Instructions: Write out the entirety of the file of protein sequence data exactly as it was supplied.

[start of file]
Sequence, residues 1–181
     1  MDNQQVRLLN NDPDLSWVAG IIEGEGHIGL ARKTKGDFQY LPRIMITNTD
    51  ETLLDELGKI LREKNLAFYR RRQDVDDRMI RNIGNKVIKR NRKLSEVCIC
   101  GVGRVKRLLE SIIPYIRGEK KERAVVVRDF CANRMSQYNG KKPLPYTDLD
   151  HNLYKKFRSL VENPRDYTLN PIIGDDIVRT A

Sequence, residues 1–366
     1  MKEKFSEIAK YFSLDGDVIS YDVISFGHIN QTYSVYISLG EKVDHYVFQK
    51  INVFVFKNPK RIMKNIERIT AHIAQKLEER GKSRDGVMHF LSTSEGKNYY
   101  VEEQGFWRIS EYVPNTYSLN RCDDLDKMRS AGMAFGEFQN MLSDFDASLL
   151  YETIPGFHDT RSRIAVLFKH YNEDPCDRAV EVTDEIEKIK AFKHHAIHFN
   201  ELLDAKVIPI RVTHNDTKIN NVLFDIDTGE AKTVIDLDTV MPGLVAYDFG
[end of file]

Sequence, residues 1–181
     1  MDNQQVRLLN NDPDLSWVAG IIEGEGHIGL ARKTKGDFQY LPRIMITNTD
    51  ETLLDELGKI LREKNLAFYR RRQDVDDRMI RNIGNKVIKR NRKLSEVCIC
   101  GVGRVKRLLE SIIPYIRGEK KERAVVVRDF CANRMSQYNG KKPLPYTDLD
   151  HNLYKKFRSL VENPRDYTLN PIIGDDIVRT A

Sequence, residues 1–366
     1  MKEKFSEIAK YFSLDGDVIS YDVISFGHIN QTYSVYISLG EKVDHYVFQK
    51  INVFVFKNPK RIMKNIERIT AHIAQKLEER GKSRDGVMHF LSTSEGKNYY
   101  VEEQGFWRIS EYVPNTYSLN RCDDLDKMRS AGMAFGEFQN MLSDFDASLL
   151  YETIPGFHDT RSRIAVLFKH YNEDPCDRAV EVTDEIEKIK AFKHHAIHFN
   201  ELLDAKVIPI RVTHNDTKIN NVLFDIDTGE AKTVIDLDTV MPGLVAYDFG